Line -> HelloHelper.ActiveDate=Convert.ToDate(“11/23/1976”);

The purpose of this line, which changes the value of the type ActiveDate field to a new value, is to highlight the previous statements about the fact that the value is been copied in line , not the pointer to the value. That’s why in line 5, console would write out the “old” value and not the new. Once again, value types are inline allocated on stack, containing the values and not the references.

Line -> HelloHelper hlp=new HelloHelper(“Nikola”);

In this line we would leave the kingdom of Types, and enter the realm of Instances.

First of all, CLR would examine the constructor signature and due to the fact that HelloHelper constructor contains a parameter argument value, CLR would first put that value on the stack as temporary location which would be read by constructor.  Then CLR would process the new with creating of an instance of HelloHelper type which would result with heap memory allocation required for handling that instance related data.That  memory would be allocate right after the last allocated block so CLR would handle only continuing memory blocks and skip the seeking operations as performance enhancements. Once the CLR would allocate memory, it would update the instance type object pointer to point to instance type and sync block and initialize instance fields default values.

Result of this allocation process would be a pointer pointing to the address of newly allocated memory block. Value of that pointer would be copied to stack variable defined on the left side of the statement in line 6.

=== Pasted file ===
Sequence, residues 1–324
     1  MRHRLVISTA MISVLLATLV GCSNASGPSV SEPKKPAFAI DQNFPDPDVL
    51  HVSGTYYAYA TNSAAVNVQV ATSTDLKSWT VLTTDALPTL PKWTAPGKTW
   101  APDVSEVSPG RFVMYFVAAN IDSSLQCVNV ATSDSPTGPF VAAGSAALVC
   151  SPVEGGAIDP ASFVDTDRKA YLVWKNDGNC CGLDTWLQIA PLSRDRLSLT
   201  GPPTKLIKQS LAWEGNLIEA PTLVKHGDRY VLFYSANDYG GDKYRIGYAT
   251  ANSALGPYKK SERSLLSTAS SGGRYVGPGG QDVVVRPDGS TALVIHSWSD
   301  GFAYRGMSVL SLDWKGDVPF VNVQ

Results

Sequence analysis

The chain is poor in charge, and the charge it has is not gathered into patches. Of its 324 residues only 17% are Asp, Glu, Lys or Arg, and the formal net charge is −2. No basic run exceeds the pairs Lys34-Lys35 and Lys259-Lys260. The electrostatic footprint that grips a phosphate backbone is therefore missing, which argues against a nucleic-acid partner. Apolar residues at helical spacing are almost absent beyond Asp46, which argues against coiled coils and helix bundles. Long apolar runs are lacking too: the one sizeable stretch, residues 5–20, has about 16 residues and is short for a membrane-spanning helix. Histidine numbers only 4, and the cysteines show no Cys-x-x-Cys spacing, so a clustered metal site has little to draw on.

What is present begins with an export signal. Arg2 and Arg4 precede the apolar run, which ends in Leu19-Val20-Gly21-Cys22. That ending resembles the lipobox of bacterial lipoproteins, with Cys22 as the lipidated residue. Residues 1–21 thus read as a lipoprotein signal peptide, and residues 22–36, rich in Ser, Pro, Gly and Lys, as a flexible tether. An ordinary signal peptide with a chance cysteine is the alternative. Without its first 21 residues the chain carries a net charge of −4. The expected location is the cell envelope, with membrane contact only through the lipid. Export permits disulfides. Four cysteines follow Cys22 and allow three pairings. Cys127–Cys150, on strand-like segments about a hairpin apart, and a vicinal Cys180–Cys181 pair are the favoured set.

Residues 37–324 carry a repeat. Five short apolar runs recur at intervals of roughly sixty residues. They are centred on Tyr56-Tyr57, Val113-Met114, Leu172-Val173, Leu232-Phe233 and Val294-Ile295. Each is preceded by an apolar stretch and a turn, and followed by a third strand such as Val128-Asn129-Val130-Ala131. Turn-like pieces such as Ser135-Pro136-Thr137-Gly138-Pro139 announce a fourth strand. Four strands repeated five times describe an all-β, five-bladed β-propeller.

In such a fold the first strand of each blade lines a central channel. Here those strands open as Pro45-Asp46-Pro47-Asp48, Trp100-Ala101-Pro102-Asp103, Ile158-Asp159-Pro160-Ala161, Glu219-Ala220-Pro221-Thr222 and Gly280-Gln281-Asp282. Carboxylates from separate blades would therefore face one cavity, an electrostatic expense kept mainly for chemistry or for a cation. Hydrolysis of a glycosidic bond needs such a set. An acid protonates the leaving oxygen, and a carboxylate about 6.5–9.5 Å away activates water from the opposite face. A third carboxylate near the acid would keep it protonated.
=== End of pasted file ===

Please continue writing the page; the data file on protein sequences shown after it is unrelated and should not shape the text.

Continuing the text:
That’s how, after complete execution of the line 6, we would have on stack HelloHelper variable containing pointer to HelloHelper heap instance which would point to HelloHelper type. There’s a diagram illustrating the state of memory after the line 6 would execute


Line -> string helloText=hlp.GetHelloText();

In this line, the CLR would first find in stack pointer containing heap address where the instance is located. Then it would use instance type object pointer value to find a type containing the GetHelloText()  method definition. The method would be JIT compiled and executed in context of newly created HelloHelper instance (with a instance field value Name=John). The result of method execution would be creation of a string, which due to the fact that strings are reference types, would be allocated on heap and its pointer would be stored in stack variable named helloText



Line 9 -> helloText += “(Addon)”;

Here we have concatenation of the string pointed allocated in line 7 with a “(Addon)” string. Due to the fact that the stings are immutable , concatenation is in fact full heap allocation of new string instance  with concatenated string value. After that allocation would be complete, address of the new string instance would update the existing helloText pointer. Original instance wouldn’t have any roots (stack pointers) left, so it would become candidate for garbage collection.



Line -> hlp=new HelloHelper(“Doe”)

Last line of the example creates a new instance of HelloHelper class. The process here is basically the same as the one just described:

  • new instance would be allocated on GC heap
  • instance field value would be initialized with the constructor parameter value
  • after allocation would be complete, pointer to newly allocated memory block would be retrieved and stored in hlp stack variable.
  • original instance would lost roots and become candidate for GC collection

At the end of this line memory model would look like this


Line -> hlp.Image=new byte[90000];

Every array is a reference type in .NET (System.Array type) so it would be allocated on heap as all other reference types. But in cases when the size of reference type is greater then 85Kb , allocation happens in special type of GC heap called large object heap (LOH) to increase the performance of GC because the costs of collection and defragmentation of such a large objects would take too much CPU cycles for GC.

Therefore those large objects are separated in their own GC address space and treated as Generation 2 entities (which means they are collected only on full GC collections). The memory space of LOH is never defragmented.

All the above mentioned things would happen after execution of this line so the memory model would look after that like this